by Jan Jaben-Eilon
Even before the first experimental two-week Silicon Valley Beit Midrash (SVBM) ended on June 27, plans were underway to design the next one-of-a-kind programs for the well-known innovative region of the country. Similar intensive Beit Midrash retreat-model programs that focus on Jewish text study are not new for the East Coast. But SVBM is a first for the West Coast, say the developers, and that is appropriate given the start-up mentality of Silicon Valley.
Director Shani Gross grew up in the New York area, graduated from Yeshiva University and attended Pardes Institute of Jewish Studies in Jerusalem as well as other institutions, and when she moved to the West Coast, she “thought it was weird that the West Coast didn’t have any beit midrash programs.” Together with SVBM Founder and Rosh Yeshiva Rabbi David Booth of Kol Emeth, a Conservative 650-family member synagogue in Palo Alto, a supportive donor from the congregation, and their partners from Pardes Institute of Jewish Studies in Jerusalem, Gross designed, marketed and implemented the Beit Midrash with a surprising 40 people registered for either a one-week or two-week session. “We hoped to get 15 people over two weeks,” says Gross. The fees ranged from $180 per week for students to $530 for two weeks for professionals. Scholarships were also available. Fees included daily lunches and two dinners per week, as well as some additional evening events. The daily sessions were hosted by Kol Emeth.
When Gross and Booth started talking about the idea late last year, they thought they could pull off a well-designed Beit Midrash perhaps for the summer of 2015, but decided to experiment with the idea this summer. “We’ve been running as fast as we can to get it ready in six months,” says Gross, adding that they focused their marketing locally, reaching out to synagogues and Jewish Community Centers and Hillels, as well as Jewish day schools along with their partners Pardes and Kevah, a Berkeley-based learning organization. “It was amazing to see how much we could accomplish in so little time,” she says.
They were also surprised at the quantity and quality of the response. “I didn’t think of this area of having serious Jewish educators; I think of the East Coast,” says Gross. “It struck me of how many people are so knowledgeable and had a text background.” Rabbi Booth was shocked at the wide range of individuals the Beit Midrash attracted, from Hebrew Union College students studying to be rabbis, to engineers, astrophysicists, neuroscientists and, of course, Jewish educators. A math teacher was fascinated to look at education through a Jewish lens. “This was unexpected,” notes Gross. Participants came, not only from the Silicon Valley area, but Portland, Oregon, Los Angeles, Denver. They also came from all denominations and all ages.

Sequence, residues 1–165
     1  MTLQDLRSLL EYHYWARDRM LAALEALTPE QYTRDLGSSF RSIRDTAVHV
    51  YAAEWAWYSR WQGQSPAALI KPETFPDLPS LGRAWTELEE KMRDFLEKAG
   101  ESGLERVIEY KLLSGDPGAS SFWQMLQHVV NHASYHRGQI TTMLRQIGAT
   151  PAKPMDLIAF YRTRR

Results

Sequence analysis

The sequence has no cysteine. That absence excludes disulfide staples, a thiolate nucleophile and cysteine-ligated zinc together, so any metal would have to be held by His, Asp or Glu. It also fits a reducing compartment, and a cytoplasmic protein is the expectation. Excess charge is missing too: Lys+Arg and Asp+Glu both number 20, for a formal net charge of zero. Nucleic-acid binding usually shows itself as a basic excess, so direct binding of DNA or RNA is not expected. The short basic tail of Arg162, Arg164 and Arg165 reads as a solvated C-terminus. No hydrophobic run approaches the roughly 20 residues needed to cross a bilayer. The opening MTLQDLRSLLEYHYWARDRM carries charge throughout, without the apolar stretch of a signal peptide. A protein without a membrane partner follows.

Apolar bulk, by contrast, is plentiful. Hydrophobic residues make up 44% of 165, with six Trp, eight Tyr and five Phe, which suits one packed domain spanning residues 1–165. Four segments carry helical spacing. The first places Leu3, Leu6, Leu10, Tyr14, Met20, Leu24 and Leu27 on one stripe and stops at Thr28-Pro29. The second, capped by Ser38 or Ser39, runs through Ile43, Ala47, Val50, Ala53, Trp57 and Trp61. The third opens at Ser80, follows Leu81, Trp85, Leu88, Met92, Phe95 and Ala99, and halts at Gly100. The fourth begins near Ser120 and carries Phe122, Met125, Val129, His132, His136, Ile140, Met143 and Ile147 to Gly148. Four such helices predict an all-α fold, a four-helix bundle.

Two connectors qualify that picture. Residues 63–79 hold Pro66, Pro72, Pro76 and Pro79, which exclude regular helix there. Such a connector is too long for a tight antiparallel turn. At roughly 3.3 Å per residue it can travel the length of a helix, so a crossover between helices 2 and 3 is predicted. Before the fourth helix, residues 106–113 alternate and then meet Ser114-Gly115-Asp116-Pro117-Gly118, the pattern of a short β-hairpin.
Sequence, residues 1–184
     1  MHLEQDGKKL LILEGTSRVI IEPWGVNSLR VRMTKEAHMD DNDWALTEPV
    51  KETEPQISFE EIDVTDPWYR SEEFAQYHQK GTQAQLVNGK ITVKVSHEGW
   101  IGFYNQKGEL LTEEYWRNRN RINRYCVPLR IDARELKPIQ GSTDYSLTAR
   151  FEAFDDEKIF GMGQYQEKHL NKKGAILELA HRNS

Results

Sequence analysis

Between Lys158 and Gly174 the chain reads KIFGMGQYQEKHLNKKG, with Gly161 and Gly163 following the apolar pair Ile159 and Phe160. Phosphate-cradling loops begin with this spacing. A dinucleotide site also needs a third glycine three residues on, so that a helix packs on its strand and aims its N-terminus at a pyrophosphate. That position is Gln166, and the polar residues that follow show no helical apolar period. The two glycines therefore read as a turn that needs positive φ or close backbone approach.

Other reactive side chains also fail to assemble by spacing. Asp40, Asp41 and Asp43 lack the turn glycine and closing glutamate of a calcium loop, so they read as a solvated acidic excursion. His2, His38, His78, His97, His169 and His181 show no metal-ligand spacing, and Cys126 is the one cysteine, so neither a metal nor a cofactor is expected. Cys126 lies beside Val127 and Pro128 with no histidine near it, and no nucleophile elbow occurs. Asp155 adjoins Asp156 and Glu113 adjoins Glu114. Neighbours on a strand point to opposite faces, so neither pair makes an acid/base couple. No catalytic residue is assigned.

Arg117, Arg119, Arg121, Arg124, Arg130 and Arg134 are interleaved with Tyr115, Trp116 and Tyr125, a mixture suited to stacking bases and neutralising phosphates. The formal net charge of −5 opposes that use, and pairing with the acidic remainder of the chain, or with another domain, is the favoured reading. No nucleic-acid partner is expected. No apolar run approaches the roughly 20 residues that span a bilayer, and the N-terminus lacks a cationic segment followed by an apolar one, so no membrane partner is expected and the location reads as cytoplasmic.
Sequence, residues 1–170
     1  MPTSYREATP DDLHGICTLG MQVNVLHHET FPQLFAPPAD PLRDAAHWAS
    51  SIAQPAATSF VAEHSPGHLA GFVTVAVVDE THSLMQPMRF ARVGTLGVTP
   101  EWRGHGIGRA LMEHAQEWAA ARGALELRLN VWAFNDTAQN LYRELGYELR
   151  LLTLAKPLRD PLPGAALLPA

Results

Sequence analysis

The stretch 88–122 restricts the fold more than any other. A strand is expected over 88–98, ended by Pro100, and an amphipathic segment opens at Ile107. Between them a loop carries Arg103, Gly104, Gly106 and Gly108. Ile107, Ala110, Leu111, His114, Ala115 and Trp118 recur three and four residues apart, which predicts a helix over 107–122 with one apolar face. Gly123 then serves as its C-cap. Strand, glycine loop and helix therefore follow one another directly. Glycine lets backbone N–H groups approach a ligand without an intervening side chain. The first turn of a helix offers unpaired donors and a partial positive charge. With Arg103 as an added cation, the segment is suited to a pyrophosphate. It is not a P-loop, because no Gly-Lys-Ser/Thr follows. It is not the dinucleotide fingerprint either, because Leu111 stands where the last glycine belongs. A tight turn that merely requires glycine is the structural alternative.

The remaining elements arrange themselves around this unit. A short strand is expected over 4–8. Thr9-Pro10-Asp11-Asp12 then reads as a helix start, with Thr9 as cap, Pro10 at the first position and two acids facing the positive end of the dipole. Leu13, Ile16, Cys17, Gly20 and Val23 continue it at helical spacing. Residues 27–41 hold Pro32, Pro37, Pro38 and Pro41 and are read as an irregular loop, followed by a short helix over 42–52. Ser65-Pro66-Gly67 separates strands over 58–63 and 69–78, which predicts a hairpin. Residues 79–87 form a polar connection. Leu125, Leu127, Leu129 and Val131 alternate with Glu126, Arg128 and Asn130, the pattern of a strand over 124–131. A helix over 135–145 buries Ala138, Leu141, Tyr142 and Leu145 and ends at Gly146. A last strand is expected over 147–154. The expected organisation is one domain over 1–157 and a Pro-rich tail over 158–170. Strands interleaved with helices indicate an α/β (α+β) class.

“So many organizations are trying to build community and attract the under-35 age group,” says Gross, and “half of our participants are under age 35. We are focusing on building the love of text study and community comes naturally from that.”
The diverse denominational background of the Beit Midrash’s faculty is also unique, Booth and Gross noted, including professors from Stanford University, Conservative rabbis and Orthodox educators all working together. Rabbi Booth added that they reached out to notable Reform rabbis as well but were unable to coordinate schedules with them. Courses ranged from the study of gender, the laws of kashrut, Talmud, Halakha, Midrash and Jewish thought, to a separate educational track. The classes accommodated all levels of Hebrew and text study experience.
“The big question was whether we could attract good participants and put together a good program and we’ve shown we can do it,” says Rabbi Booth. First-week evaluations from the participants extolled the program: “The diversity of minds and unity of purpose created an environment which enabled me to openly re-engage in a world of learning,” says one. Another wrote: “Eye, mind and heart-opening; so glad I did it!”
Gross speculates that the Beit Midrash worked so well in Silicon Valley because “this is a technology area and maybe these types of people ask a lot of questions and think outside the box. I really see this area as a future center of such learning. Being Silicon Valley and being in a start-up world, there’s an energy and willingness to try something new. The idea was that if it goes well, we’ll get other funding.”
Booth and Gross already are planning a shortened version of their Beit Midrash for the winter break, as well as a two-week session for the summer of 2015. “We are in talks to figure out how to expand and connect with other organizations, all involving text study,” says Gross. “We’re not sure who our partners will be but we’ve begun to broaden our funding base,” adds Booth, who grew up in the Bay Area and has been a rabbi at Kol Emeth for eight years.
He explained that his main donor viewed the investment as venture capital. Active in the Silicon Valley world, the donor “gave us money to show that the concept will work.” According to Booth, one of the challenges in the philanthropy world in general is a “great desire for success. Silicon Valley says that it’s okay to have a good failure. Even if something doesn’t work out, you can tweak it, learn from it. I interact with people who understand that a good failure means you go forward to learn what changes need to be made. There’s a willingness to try something and take risks.”
Still, he’s thankful that the Silicon Valley Beit Midrash was a glowing success instead.